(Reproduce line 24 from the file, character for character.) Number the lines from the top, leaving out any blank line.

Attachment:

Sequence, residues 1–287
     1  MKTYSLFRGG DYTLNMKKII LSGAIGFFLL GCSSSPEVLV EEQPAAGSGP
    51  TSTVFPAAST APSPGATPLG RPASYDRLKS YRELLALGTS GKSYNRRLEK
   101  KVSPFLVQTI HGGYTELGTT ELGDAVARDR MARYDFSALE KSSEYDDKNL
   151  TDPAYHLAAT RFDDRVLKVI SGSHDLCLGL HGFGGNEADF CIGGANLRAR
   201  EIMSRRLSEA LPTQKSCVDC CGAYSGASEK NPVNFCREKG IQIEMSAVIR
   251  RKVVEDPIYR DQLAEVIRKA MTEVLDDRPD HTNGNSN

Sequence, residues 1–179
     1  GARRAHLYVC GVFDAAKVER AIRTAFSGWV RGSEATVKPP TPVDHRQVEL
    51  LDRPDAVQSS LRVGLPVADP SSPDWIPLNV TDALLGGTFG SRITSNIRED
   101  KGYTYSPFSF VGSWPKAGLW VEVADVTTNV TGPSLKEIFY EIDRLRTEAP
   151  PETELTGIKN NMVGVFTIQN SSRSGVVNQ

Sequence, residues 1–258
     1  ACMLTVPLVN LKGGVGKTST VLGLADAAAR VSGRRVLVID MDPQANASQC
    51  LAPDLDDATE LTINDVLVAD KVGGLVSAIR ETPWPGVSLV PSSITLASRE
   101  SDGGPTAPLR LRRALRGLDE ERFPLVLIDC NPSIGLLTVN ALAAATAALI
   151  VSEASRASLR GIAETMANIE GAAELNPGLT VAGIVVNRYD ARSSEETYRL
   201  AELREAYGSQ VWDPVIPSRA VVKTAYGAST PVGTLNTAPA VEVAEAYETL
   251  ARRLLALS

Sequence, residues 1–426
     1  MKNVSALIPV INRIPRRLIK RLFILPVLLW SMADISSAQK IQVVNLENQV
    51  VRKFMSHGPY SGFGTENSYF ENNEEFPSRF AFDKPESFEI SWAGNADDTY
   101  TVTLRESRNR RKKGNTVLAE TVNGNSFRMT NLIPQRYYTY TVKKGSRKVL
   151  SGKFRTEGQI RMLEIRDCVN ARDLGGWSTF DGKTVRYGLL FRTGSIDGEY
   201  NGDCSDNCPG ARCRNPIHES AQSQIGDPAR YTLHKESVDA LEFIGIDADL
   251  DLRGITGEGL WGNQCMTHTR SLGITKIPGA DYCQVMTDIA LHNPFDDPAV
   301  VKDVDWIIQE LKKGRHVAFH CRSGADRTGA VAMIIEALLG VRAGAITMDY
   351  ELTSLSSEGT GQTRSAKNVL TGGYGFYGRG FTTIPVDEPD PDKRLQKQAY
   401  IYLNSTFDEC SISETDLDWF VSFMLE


   151  SGKFRTEGQI RMLEIRDCVN ARDLGGWSTF DGKTVRYGLL FRTGSIDGEY